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New Testament Notes

The Immaculate Conception

The Immaculate Conception is a belief in the Catholic church, as well as some Protestant denominations, that Mary, the mother of Jesus, was protected by God from the original sin during her own conception. Since she subsequently lived a life completely free from sin, this makes her perfectly pure. The idea of the Immaculate Conception is often confused with the doctrine of the Incarnation and Virgin Birth of Christ.

The Immaculate Conception was defined as dogma by Pope Pius IX in 1854 and consecrated by Pope Pius XII in 1942. However, this tradition had existed within the Catholic church for more than a millenium. Eastern Orthodox Christians do not believe in the Immaculate Conception, because they have a different view of the original sin from Catholics, and in their tradition, it would be unnecessary for Mary to require divine purification from this. The majority of Protestants reject the idea because it is not explicitly stated in the Bible.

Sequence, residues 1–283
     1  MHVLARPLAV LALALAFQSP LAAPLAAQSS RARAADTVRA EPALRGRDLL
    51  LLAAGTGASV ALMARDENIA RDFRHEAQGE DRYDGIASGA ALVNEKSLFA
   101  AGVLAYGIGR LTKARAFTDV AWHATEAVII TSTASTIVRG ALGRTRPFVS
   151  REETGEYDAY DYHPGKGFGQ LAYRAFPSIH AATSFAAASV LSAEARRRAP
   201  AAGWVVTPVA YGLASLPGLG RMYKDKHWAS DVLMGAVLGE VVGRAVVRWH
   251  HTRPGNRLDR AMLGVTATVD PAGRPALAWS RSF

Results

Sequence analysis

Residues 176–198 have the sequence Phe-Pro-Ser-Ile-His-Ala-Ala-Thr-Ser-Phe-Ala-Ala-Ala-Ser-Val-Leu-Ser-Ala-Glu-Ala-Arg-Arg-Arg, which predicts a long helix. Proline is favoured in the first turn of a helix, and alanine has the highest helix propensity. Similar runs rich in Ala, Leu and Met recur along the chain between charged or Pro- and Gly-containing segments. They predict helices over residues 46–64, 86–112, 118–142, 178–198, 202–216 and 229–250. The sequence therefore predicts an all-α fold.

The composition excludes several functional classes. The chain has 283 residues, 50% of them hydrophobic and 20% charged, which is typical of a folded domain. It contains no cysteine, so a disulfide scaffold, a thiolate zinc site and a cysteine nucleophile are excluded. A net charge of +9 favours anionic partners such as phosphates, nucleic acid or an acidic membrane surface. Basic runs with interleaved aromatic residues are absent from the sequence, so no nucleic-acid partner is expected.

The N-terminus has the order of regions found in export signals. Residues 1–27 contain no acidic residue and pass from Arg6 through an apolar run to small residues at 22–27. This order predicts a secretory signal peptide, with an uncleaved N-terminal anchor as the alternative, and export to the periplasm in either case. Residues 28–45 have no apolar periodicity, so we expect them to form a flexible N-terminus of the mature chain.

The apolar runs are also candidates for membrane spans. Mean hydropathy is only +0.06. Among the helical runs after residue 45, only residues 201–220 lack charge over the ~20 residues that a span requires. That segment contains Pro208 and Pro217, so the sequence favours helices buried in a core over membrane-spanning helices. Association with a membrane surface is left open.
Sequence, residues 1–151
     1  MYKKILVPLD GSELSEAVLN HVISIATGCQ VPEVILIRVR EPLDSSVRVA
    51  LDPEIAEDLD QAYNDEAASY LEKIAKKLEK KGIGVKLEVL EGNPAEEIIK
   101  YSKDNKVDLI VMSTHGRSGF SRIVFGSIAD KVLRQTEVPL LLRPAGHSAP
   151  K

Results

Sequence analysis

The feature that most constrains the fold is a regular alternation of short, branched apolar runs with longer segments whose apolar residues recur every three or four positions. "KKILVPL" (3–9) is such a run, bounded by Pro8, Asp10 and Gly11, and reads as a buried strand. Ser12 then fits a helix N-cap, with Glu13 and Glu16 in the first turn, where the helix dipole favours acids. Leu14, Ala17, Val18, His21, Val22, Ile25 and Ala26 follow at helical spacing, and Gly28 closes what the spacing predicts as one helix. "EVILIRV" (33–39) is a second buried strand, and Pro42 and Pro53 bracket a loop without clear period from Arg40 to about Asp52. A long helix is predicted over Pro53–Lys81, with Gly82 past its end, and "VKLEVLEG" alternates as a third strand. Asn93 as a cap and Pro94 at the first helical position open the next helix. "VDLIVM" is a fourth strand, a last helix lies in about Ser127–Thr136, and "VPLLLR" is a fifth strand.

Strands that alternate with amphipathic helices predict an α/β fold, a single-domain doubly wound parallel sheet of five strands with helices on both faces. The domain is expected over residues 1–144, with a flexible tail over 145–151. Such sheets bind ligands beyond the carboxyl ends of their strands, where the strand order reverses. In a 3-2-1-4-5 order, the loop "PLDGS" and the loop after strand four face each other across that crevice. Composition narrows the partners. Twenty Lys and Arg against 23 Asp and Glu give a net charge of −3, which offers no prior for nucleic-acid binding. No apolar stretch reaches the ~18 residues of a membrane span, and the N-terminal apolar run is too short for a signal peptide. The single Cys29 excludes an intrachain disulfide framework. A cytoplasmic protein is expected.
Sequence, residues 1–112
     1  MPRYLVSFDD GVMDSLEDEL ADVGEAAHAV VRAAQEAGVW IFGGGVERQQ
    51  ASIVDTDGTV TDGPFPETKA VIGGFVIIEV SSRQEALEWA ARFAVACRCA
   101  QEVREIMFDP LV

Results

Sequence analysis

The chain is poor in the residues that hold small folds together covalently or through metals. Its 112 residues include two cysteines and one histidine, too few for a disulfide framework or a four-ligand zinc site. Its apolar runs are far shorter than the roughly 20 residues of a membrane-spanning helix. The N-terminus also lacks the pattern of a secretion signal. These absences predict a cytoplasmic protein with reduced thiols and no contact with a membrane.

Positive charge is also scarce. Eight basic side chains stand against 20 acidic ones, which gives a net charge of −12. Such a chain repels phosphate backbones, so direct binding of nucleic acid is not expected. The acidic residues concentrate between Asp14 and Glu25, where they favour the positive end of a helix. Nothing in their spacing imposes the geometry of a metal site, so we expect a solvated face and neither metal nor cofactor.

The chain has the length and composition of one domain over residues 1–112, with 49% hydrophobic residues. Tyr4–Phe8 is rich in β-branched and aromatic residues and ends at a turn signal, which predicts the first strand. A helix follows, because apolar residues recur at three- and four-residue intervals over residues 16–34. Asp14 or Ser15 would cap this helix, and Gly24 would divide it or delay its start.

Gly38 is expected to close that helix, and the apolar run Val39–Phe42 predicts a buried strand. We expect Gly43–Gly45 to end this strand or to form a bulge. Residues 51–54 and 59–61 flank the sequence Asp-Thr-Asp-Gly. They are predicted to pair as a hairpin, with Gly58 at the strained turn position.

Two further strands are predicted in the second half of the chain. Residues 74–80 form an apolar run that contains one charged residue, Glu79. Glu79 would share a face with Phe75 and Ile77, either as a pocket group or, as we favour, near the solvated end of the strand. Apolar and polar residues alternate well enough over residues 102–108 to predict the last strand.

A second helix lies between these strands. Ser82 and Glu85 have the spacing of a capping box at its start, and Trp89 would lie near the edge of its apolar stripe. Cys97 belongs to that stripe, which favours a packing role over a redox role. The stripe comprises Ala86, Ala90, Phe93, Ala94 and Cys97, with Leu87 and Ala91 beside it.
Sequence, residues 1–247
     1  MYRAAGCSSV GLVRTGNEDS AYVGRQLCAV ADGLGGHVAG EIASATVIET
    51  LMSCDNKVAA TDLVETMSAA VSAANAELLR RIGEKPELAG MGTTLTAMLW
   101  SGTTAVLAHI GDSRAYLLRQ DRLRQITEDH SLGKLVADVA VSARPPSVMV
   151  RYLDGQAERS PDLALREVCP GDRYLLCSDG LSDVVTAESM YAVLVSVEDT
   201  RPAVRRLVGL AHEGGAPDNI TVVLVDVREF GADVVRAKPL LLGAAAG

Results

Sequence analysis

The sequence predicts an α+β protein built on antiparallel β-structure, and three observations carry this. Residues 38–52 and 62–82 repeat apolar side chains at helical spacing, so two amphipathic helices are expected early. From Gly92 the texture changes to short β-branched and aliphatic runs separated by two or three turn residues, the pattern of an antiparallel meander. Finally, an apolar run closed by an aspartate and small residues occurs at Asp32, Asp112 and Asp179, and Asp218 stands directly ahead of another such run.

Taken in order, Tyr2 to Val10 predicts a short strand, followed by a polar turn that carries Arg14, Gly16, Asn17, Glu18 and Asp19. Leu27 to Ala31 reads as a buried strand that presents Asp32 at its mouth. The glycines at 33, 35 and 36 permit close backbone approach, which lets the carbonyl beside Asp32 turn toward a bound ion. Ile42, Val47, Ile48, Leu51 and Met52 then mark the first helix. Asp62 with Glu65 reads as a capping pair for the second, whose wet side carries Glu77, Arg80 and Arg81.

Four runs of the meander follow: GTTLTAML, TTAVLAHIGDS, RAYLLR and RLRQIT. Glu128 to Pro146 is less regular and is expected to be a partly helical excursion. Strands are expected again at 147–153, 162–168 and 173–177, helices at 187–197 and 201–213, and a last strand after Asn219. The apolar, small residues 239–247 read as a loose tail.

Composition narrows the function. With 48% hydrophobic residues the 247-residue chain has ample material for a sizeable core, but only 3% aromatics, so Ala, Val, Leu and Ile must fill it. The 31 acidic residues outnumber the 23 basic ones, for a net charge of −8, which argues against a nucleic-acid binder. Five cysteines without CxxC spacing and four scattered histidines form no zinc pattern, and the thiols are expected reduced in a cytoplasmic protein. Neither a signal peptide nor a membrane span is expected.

See: El Greco The Immaculate Conception.
Bartolomé Esteban Murillo Our Lady of the Immaculate Conception.
Francisco de Zurbarán Our Lady of Immaculate Conception, The Immaculate Conception.
 
 

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